Wednesday, December 30, 2020

Germany, the Pagan God Oden & the Christmas Tree

The end of December was a perfect time for celebration in most areas of Europe, including Germany. At that time of year, most cattle were slaughtered so they would not have to be fed during the winter. For many, it was the only time of year when they had a supply of fresh meat. In addition, most wine & beer made during the year was finally fermented & ready for drinking.

In Germany, people honored the pagan god Oden during the mid-winter holiday. Germans were terrified of Oden, as they believed he made nocturnal flights through the sky to observe his people, & then decide who would prosper or perish. Because of his presence, many people chose to stay inside Odin was the Aesir chief god who presided over the Asgard land of gods. The fact was that hardly could anyone rival Oden’s power & reputation. He was among the gods whom the humans worshipped & respected the most. Oden was the god of war, death, poem, & wisdom. His most famous palace in Asgard was where he hosted fallen human warriors. Oden was commonly seen as an old man under a dark cloak with his long & white beard. He took the life of a wanderer who traveled the world to acquire knowledge.

It is generally believed that the first Christmas tree was of German origin dating from the time of St. Boniface, English missionary to Germany in the 8th century. He replaced the sacrifices to the Norse god Odin’s sacred oak—some say it was Thor’s Thunder Oak—with a fir tree adorned in tribute to the Christ child. The legend is told that Boniface found a group of “pagans” preparing to sacrifice a boy near an oak tree near Lower Hesse, Germany. He cut down the oak tree with a single stroke of his ax & stopped the sacrifice. A small fir tree sprang up in place of the oak. He told the pagans that this was the “tree of life” & stood for Christ.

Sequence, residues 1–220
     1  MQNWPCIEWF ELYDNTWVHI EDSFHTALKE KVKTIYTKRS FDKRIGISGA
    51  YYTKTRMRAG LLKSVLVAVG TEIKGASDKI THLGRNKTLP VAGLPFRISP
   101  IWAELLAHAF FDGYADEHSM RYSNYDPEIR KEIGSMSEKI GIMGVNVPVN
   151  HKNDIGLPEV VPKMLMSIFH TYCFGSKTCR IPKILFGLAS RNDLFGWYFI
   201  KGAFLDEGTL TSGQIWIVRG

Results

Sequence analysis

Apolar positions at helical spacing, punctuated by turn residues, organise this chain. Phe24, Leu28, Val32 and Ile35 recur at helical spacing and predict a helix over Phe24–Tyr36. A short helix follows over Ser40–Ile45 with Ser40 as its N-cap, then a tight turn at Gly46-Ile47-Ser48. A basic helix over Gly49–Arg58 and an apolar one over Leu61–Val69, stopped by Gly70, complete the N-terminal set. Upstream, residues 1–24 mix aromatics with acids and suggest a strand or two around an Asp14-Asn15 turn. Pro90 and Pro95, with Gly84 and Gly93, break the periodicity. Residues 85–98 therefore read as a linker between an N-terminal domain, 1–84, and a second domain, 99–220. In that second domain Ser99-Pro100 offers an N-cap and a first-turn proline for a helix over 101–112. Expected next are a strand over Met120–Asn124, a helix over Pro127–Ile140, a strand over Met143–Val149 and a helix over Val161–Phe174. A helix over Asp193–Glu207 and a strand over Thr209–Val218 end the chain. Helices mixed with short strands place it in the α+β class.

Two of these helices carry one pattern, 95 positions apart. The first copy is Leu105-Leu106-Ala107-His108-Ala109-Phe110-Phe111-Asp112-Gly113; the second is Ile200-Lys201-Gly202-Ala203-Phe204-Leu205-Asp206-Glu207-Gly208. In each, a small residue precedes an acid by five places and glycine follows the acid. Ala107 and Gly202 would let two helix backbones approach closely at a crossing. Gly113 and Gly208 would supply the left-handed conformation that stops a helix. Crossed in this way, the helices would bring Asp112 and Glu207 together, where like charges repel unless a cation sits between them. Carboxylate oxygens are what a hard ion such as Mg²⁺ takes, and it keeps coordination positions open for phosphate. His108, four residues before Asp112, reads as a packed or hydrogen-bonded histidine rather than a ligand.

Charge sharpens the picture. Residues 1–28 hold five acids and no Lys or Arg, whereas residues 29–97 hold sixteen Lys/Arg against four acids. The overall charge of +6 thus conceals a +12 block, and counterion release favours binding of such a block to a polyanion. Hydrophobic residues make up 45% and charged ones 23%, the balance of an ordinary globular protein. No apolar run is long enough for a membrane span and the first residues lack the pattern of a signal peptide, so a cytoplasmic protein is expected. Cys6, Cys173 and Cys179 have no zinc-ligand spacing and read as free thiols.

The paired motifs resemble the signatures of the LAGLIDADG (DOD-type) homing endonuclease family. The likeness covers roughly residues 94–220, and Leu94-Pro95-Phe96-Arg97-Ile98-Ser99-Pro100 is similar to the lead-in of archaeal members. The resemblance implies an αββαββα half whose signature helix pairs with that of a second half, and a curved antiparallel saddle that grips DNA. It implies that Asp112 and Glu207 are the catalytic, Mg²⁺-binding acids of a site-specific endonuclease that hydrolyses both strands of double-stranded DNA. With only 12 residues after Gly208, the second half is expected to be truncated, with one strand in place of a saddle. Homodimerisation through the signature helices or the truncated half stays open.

A legend began to circulate in the early Middle Ages that when Jesus was born in the dead of winter, all the trees throughout the world shook off their ice & snow & produced new shoots of green. The medieval Church would decorate outdoor fir trees—known as “paradise trees”—with apples on Christmas Eve, which they called “Adam & Eve Day” & celebrated with a play.

During Renaissance times there are records that trees were being used as symbols for Christians first in the Latvian capital of Riga in 1510. The story goes that it was attended by men wearing black hats in front of the House of Blackheads in the Town Hall Square, who following a ceremony burnt the tree.

Accounts persist that Martin Luther introduced the tree lighted with candles in the mid-16th century in Wittenberg, Germany. Returning to his home after a walk one winter night, the story goes, Luther tried unsuccessfully to describe to his family the beauty of the starry night glittering through the trees. Instead, he went out & cut down a small fir tree & put lighted candles upon it.

In a manuscript dated 1605, a merchant in Strasbourg, Germany wrote that at Christmas they set up fir trees in the parlors & “hang thereon roses cut out of paper of many colors, apples, wafers, spangle-gold & sugar …” Though the selling of Christmas trees is mentioned back to the mid-1500s in Strasbourg, the custom of decorating the trees may have developed from the medieval Paradise Play. This play was a favorite during the Advent season because it ended with the promise of a Savior. The action in the play centered around a fir tree hung with apples.

Reportedly, German immigrants brought the custom to the United States & tree decorating is recorded back to 1747 in Bethlehem, Pennsylvania.  One story tells of Hessian soldiers who fought for George III in the Revolutionary War. As they were keeping Christmas in Trenton, New Jersey around a decorated tree, they left their posts unguarded. George Washington & his troops were hungry & freezing at Valley Forge, but they planned their attack with the knowledge that the Hessians would be celebrating & thus would not be as able to defend themselves.